Soul Serenade - New York CityThey were something of a supergroup. The members came from a background that included time in fabled groups like the Five Satins, the Cadillacs, the Moonglows, and Don & Juan. With that kind of history, why not shoot for the moon and give your group the biggest name you can think of? They called themselves New York City.

It began with John Brown who knew what the limelight was like from his time with the Five Satins (“In the Still of the Night”) and the Cadillacs (“Gloria,” Sunday Kind of Love”). When Moonglows leader Harvey Fuqua needed a fill-in for his group, Brown was his go-to guy. Claude Johnson sang with Genies who hit #71 on the Billboard chart with “Who’s That Knocking'” in 1959. But he found even greater success when he teamed up with Roland Trone and became “Juan” in the Don & Juan duo. Together they stormed up the charts all the way to #7 with the 1962 classic “What’s Your Name.”

Brown and Johnson were joined by Tim McQueen and Eddie Schell, who had sung with a wide variety of groups around town. They weren’t New York City just yet though. At first they recorded and toured under the name Tri-Boro Exchange, and were produced by Wes Farrell. They made one single for Buddha Records under that name, but it wasn’t until Farrell convinced legendary producer Thom Bell to work with the group that things started to happen.

New York City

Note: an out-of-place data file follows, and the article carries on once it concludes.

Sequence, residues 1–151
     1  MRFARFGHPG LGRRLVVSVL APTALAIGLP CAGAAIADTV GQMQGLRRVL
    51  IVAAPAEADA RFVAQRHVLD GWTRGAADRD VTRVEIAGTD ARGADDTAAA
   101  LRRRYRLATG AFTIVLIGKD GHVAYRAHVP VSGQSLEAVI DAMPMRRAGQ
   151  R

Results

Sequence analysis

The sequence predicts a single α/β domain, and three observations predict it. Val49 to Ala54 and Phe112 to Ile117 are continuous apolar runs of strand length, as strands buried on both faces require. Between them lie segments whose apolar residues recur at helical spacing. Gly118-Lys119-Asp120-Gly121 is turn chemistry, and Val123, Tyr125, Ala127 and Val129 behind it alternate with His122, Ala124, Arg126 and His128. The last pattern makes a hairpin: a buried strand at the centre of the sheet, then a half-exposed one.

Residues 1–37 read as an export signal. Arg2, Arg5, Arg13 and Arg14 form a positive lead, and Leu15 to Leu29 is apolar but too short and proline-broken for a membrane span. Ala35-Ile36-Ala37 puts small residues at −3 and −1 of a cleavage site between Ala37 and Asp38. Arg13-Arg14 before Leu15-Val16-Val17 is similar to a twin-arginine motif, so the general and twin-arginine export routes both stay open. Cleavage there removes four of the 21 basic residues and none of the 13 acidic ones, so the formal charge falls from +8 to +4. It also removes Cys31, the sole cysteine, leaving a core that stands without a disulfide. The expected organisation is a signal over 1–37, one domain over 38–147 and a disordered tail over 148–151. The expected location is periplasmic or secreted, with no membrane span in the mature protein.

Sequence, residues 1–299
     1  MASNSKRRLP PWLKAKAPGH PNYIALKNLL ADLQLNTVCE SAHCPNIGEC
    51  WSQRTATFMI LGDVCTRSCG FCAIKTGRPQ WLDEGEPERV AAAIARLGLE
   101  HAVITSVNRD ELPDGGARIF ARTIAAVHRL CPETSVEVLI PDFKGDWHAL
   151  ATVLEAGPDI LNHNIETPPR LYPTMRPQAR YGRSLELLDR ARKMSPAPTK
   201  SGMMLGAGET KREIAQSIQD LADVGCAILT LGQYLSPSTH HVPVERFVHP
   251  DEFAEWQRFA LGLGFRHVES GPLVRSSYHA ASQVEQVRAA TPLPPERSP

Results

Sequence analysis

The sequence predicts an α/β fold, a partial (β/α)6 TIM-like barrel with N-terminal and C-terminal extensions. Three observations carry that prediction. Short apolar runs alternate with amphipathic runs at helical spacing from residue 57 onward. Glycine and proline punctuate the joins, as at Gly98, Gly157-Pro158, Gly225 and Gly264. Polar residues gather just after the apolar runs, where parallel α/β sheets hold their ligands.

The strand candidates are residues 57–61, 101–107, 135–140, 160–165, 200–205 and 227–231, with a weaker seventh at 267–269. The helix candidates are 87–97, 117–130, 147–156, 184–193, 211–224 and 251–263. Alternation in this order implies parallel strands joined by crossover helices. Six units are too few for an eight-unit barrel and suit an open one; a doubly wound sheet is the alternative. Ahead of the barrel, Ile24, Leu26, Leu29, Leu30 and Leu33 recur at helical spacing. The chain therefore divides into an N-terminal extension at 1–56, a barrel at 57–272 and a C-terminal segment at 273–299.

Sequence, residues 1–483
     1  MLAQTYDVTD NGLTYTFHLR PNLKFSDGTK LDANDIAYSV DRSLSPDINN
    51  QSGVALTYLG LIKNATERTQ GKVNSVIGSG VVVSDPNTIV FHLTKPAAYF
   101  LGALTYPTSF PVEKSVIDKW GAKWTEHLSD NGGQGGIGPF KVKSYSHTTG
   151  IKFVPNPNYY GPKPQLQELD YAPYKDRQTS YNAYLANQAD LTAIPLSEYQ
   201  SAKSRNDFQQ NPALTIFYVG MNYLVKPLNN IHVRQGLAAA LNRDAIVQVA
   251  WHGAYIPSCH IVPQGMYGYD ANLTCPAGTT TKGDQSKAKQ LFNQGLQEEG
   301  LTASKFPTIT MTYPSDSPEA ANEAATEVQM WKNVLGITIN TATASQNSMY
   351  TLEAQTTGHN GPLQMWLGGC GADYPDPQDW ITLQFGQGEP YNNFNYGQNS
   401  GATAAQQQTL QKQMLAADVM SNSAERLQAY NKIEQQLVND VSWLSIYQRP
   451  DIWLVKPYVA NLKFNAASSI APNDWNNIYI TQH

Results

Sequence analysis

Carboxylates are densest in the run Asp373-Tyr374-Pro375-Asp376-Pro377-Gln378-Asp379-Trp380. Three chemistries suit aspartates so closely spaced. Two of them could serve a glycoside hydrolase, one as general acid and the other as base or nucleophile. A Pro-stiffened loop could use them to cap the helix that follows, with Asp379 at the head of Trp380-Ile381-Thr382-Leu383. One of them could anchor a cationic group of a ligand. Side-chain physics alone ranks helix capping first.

At this point Tri-Boro Exchange apparently decided that being named after a city bridge was fine, but why not take on the name of a whole city. Bell came from a different city. It was in that city that he helped to create Philly Soul. Nonetheless he wrote a song called “I’m Doin’ Fine Now” with Sherman Marshall, and produced New York City’s take on the song. The powerful Philadelphia – New York connection resulted in a #17 single in 1973.

Having found some success, New York City began to tour. The vocal group was backed by the Big Apple Band. Two members of that band were Nile Rogers and Bernard Edwards who later founded Chic, and went on to legendary careers.

Unfortunately, follow-up singles were not as successful for New York City. “Make Me Twice the Man” only made it to #93. “Quick, Fast, and in a Hurry” did a little better in 1974, but still only reached #79. While other singles like “Happiness Is,” “Got to Get You Back in My Life,” and “Love is What You Make It” had some success on the Black Singles chart, they didn’t cross over to the pop chart at all. The group’s two albums were both Top 50 on the Black Albums chart.

And that was it for New York City. For one brief moment they were almost as big as their name. In their time they found a little bit of success on their own, and connected with some of the most illustrious figures in the history of popular music.

About the Author

Ken Shane

Ken Shane lives in Narragansett, R.I. He is a freelance writer and far and away the oldest Popdose writer. In fact, he may be the oldest writer, period. He wants you to know that he generally does not share his colleagues' love for the music of the '80s, and he does not forgive them for loving it. (Ken passed away in November 2022. R.I.P. —Ed.)

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